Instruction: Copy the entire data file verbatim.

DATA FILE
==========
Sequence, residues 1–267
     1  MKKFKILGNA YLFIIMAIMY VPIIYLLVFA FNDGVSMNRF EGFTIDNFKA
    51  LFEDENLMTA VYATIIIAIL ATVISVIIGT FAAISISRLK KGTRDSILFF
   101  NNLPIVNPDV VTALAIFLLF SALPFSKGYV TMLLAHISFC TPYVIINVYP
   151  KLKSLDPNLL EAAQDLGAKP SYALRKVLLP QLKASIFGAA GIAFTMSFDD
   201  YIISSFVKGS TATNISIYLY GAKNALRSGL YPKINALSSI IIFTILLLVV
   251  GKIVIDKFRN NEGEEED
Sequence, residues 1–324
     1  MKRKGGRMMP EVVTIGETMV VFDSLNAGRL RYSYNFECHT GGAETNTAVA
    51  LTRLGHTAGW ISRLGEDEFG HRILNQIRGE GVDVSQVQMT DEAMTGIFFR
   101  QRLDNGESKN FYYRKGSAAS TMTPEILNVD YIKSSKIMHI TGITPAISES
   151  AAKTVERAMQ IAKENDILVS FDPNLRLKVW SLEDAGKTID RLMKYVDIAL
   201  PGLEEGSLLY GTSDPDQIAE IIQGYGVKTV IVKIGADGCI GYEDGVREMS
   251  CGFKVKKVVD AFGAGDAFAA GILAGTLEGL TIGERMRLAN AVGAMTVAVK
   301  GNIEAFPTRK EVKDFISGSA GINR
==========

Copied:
Sequence, residues 1–267
     1  MKKFKILGNA YLFIIMAIMY VPIIYLLVFA FNDGVSMNRF EGFTIDNFKA
    51  LFEDENLMTA VYATIIIAIL ATVISVIIGT FAAISISRLK KGTRDSILFF
   101  NNLPIVNPDV VTALAIFLLF SALPFSKGYV TMLLAHISFC TPYVIINVYP
   151  KLKSLDPNLL EAAQDLGAKP SYALRKVLLP QLKASIFGAA GIAFTMSFDD
   201  YIISSFVKGS TATNISIYLY GAKNALRSGL YPKINALSSI IIFTILLLVV
   251  GKIVIDKFRN NEGEEED
Sequence, residues 1–324
     1  MKRKGGRMMP EVVTIGETMV VFDSLNAGRL RYSYNFECHT GGAETNTAVA
    51  LTRLGHTAGW ISRLGEDEFG HRILNQIRGE GVDVSQVQMT DEAMTGIFFR
   101  QRLDNGESKN FYYRKGSAAS TMTPEILNVD YIKSSKIMHI TGITPAISES
   151  AAKTVERAMQ IAKENDILVS FDPNLRLKVW SLEDAGKTID RLMKYVDIAL
   201  PGLEEGSLLY GTSDPDQIAE IIQGYGVKTV IVKIGADGCI GYEDGVREMS
   251  CGFKVKKVVD AFGAGDAFAA GILAGTLEGL TIGERMRLAN AVGAMTVAVK
   301  GNIEAFPTRK EVKDFISGSA GINR